Stafford Township Administrator James Moran said his town did not sustain any significant damage.

“The high winds did result in some excessive leaf and other similar debris in roadways and storm drains,” said Moran. “We did experience some street flooding in low-lying areas of Beach Haven West and Mallard Island, but those areas fared well, considering what could have been.”

In Beach Haven, Public Works Superintendent George Gilbert said there were a few beach entrances filled with storm-swept sand that needed to be cleared. Five feet of sand along the dunes at Fifth Street was the worst of it.

The only erosion was by the geotubes near Merivale and Nelson Avenue.

“That’s about the extent of our damage, other than a little bit of debris in the roads that we have to clear up,” Gilbert said. “Around town there was very minimal damage compared to what it could have been.”

In Harvey Cedars, Mayor Jonathan Oldham said beaches between Essex Avenue and Salem Avenue sustained erosion.

“In some spots, we lost some dunes,” he said. “Some of the beach entrances had 5-foot drops. We’re going to be pushing up some sand to get the beaches back in shape. The beaches on the north end held up well.”

Harvey Cedars Det. Robert Burnaford, deputy emergency management coordinator, said a majority of dune fencing was lost along beaches at the south end.

“We had some back bay flooding, but nothing too serious,” he said. “The strong winds were constant. That’s why some of our beaches took a hit.”

Beach erosion was a non-issue in Surf City, according to Councilman Peter Hartney. “We’re looking great,” he said.

Checking out the beach on Monday morning with Surf City Police Chief William Collins, the pair drove up and down the borough’s beaches twice. They concluded that the condition of the beach was “solid,” though the beach entrances were blocked.

Preparation was key regarding the weekend’s weather. “You really just have to keep an eye on it because you never know what it’s going to do,” Hartney said.

Thanks to the Army Corps of Engineers’ replenishment and a sandbar building up due to littoral drift from Harvey Cedars, the councilman said there was a lot of sand in front of the dunes. Punches the waves tossed were absorbed in this sort of buffer.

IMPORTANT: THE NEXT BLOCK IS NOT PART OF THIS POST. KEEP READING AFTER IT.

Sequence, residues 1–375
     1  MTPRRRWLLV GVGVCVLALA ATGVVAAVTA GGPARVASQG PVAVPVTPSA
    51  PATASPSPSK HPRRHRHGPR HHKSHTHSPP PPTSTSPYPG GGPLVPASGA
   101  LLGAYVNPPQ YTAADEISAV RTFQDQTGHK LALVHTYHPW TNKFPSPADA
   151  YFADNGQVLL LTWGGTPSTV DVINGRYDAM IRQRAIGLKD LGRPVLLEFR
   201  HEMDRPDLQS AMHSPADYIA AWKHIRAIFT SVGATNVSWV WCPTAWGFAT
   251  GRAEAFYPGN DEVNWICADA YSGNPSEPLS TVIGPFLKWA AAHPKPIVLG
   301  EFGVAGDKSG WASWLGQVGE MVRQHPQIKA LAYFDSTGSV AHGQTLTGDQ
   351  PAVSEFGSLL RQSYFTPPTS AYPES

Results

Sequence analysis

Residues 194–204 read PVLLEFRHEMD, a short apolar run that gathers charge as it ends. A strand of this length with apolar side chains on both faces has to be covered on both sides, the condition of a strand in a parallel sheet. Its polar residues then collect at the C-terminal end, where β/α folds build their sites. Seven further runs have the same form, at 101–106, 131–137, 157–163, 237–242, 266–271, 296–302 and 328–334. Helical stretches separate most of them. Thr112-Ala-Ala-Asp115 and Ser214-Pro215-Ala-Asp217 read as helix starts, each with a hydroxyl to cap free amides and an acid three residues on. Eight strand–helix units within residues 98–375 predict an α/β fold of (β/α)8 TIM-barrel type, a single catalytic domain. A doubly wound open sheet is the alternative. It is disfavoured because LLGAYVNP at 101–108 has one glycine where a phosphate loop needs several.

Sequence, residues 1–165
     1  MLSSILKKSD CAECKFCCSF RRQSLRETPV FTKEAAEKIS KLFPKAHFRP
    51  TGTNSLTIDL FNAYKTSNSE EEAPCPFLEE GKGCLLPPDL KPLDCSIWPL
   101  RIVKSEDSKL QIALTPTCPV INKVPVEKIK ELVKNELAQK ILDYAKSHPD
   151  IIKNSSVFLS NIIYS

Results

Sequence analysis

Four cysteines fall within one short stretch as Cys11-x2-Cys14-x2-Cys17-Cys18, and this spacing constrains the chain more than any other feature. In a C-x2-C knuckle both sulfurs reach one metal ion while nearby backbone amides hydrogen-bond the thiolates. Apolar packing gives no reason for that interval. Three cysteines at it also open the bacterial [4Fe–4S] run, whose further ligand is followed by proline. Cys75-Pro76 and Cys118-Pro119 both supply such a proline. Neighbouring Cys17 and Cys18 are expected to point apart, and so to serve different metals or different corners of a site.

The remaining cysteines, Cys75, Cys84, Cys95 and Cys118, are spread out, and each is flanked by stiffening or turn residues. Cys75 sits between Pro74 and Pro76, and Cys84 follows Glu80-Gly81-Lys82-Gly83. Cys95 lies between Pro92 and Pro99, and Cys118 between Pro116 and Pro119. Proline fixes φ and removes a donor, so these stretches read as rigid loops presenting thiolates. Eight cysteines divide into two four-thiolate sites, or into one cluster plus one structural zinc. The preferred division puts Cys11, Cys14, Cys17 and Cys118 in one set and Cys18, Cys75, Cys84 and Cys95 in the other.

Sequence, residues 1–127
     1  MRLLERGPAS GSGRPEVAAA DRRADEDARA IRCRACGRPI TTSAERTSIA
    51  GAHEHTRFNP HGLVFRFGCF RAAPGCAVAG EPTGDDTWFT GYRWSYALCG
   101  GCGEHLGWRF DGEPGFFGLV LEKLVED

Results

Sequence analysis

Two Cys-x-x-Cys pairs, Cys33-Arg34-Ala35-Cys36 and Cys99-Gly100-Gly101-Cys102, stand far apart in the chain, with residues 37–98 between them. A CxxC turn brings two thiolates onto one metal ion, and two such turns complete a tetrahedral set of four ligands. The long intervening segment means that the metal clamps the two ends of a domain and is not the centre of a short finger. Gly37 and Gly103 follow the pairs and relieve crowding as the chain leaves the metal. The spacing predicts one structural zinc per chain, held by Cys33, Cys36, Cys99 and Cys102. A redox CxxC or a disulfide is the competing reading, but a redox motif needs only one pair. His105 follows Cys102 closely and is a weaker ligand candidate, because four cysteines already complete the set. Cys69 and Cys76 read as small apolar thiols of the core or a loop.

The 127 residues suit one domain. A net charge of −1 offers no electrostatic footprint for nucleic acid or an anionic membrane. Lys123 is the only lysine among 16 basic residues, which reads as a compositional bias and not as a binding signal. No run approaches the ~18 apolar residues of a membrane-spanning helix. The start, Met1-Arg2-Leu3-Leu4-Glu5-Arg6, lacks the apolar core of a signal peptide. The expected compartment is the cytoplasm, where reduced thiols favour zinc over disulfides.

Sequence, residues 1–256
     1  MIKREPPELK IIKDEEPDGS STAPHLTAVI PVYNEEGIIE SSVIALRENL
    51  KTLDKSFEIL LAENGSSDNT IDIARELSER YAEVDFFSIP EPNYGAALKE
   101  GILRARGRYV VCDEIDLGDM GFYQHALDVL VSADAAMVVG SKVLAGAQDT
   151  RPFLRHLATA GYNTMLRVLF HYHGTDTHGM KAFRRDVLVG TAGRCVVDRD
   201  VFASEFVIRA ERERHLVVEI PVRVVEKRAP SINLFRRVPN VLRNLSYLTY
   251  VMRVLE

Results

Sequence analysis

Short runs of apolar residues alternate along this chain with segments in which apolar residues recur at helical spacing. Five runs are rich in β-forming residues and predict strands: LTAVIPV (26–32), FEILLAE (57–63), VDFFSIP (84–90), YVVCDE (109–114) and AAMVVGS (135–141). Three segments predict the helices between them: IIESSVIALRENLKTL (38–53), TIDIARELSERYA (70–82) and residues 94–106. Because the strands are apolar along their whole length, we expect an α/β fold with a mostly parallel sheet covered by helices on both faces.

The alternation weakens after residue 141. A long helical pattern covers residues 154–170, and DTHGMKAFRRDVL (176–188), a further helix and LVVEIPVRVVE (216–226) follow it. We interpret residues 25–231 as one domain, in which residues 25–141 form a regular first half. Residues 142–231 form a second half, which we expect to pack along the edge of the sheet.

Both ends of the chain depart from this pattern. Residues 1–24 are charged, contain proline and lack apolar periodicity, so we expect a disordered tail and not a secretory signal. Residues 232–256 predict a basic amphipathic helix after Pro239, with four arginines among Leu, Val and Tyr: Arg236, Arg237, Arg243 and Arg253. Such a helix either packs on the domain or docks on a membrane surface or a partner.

“Thank you, Harvey Cedars,” Hartney said.

Todd MacLennan, Ship Bottom fire chief, said the borough experienced flooding between the Ship Bottom Wawa and the municipal building on Central Avenue.

“That’s always a trouble spot during these types of storms,” he said. “There were no reports of water getting into any homes. We’re just very thankful that the hurricane stayed well out to sea and did not affect us.”

Borough Administrator Brian Geoghegan said public works crews have been clearing wind-blown sand from beach entrances.

“Overall, I think we did OK,” he said. “The roads that flooded do that whenever we have a nor’easter.”

Barnegat Light reported no problems.

“There was some minor beach erosion on the south end,” said Ed Sulecki, public works superintendent. “Our beaches are quite large. It would take a very powerful storm to damage them.”

(Photo by: Ryan Morrill)

(Photo by: Ryan Morrill)

(Photo by: Ryan Morrill)

(Photo by: Evelynn Morrill)

(Photo by: Ryan Morrill)

(Photo by: Ryan Morrill)

(Photo by: Ryan Morrill)

(Photo by: Ryan Morrill)

(Photo by: Ryan Morrill)

(Photo by: Ryan Morrill)

(Photo by: Ryan Morrill)

(Photo by: Ryan Morrill)

(Photo by: Ryan Morrill)

(Photo by: Ryan Morrill)

(Photo by: Ryan Morrill)

(Photo by: Ryan Morrill)

(Photo by: Ryan Morrill)

(Photo by: Jack Reynolds)

(Photo by: Jack Reynolds)

(Photo by: Jack Reynolds)

(Photo by: Jack Reynolds)

(Photo by: Jack Reynolds)

(Photo by: Jack Reynolds)

(Photo by: Jack Reynolds)

Reposted from The Sandpaper

Causeway Bridge update at Southern Ocean Chamber Meeting October 13

A firsthand update on the Causeway Bridge construction and repair progress will be given by a project engineer at the Oct. 13 membership meeting of the Southern Ocean County Chamber of Commerce. The topic is timely, as many people have questions now that they can see the southern span rising to eye level as it is built, and road work in progress where the trestle bridges will connect with the larger bridges.